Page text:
May 15, 2010

Specter, Kagan and “Present”

This past week, President Obama announced his pick for the Supreme Court. Elena Kagan would replace soon-to-retire Justice John Paul Stevens. Kagan enjoyed bipartisan support when she was nominated for Solictor General about one year ago. That is, except for Senator Arlen Specter.

Let’s be upfront. I don’t like Senator Specter. He changes his opinions, along with his party affiliation, to cover his backside and keep himself in office. Personally, I hope he gets voted out in the upcoming election.

In typical Specter fashion, when Kagan went before the Senate for her final vote, he voted “present.”

Now I did lots of research online and was unable to find any specific information on how the present vote exactly works and when its use began. If anyone can provide specific information, I would be very appreciative.

Not that a Solicitor General vote is a “simple vote,” but this wasn’t a vote to go to war or extend unemployment benefits. This was a vote to approve one individual to a government position. Even this he couldn’t take a stand. Some say present is a “soft no,” but honestly, I’m not really sure.

So, I respectfully request Senator Specter actually make a decision and vote “aye” or “nay” on this vote and not take the spineless way out and vote “present.”

May 8, 2010

See Something, Say Something

This past week there was a terrorism scare in New York City at the famed Times Square. Thanks to two observant street vendors (and veterans), a quick moving investigation by the NYPD, FBI and I am sure lots of others we will never hear about arrested a suspect just days later. This taught the entire country the NYC mantra – see something, say something.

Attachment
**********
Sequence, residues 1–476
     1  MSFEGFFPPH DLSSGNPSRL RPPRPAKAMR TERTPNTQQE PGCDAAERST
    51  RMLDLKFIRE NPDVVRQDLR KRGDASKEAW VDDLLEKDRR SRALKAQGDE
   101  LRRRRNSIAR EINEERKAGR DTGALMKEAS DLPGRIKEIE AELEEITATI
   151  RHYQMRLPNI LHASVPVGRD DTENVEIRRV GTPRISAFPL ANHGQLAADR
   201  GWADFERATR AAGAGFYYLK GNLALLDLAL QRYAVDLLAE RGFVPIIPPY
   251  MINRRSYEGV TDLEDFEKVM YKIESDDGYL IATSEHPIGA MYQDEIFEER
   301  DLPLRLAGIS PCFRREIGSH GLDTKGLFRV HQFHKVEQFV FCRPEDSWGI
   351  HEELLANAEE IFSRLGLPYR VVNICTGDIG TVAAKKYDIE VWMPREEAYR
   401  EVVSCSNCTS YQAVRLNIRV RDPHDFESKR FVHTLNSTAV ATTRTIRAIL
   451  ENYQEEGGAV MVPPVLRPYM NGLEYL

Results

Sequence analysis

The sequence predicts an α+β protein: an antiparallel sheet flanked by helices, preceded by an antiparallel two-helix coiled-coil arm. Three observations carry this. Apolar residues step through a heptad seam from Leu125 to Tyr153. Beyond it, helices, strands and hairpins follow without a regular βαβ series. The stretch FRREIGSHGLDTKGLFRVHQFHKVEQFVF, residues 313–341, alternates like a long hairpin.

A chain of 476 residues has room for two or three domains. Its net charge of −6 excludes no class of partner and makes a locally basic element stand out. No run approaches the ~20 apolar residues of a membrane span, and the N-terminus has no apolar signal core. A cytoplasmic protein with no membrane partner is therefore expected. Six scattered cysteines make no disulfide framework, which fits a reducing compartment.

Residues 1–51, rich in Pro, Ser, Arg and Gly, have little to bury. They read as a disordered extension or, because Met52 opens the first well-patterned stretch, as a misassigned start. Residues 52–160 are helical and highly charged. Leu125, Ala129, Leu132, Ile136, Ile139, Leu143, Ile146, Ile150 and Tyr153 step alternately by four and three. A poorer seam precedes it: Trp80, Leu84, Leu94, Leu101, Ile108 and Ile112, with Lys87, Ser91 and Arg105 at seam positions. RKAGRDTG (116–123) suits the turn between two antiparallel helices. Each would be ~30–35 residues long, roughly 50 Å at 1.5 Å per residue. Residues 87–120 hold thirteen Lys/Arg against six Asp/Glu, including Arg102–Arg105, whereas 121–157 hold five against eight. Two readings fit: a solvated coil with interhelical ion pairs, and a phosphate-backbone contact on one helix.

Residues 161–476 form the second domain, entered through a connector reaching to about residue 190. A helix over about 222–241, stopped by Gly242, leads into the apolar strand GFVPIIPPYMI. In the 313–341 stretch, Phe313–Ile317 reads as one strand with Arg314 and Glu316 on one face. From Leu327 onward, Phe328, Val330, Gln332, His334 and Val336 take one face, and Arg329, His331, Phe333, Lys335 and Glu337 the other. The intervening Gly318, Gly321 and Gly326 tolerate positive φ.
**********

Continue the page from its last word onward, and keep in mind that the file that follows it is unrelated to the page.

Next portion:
It is important to alert authorities if you see something that looks questionable or suspicious. I have actually reported two suspicious items since 9-11; one was just a few a weeks ago. I was getting on the 33rd Street PATH when I saw a bag without an owner. I couldn’t find anyone, so when I arrived in Hoboken, I found an officer and a PATH worker and told them exactly what I saw and where I saw it. They thanked me for reporting it and said they would dispatch someone to investigate. I’m sure it was nothing because I never heard anything on the news, but it was still important to report what I saw.

Another time I was driving home on Rt. 280 when I saw a large drum upright in the median. I hadn’t seen it the day before, so I pulled over and called the local police to explain what I saw. They transferred me to the New Jersey State Troopers so I can report what I saw. I started with the explanation, “I’m not a nut, but there is something on Rt. 280 that wasn’t there yesterday.” They told me not to feel like “a nut” and thanked me for reporting the information.

So, in the end, I hope everyone follows the advice of the NYPD and if you see something, say something!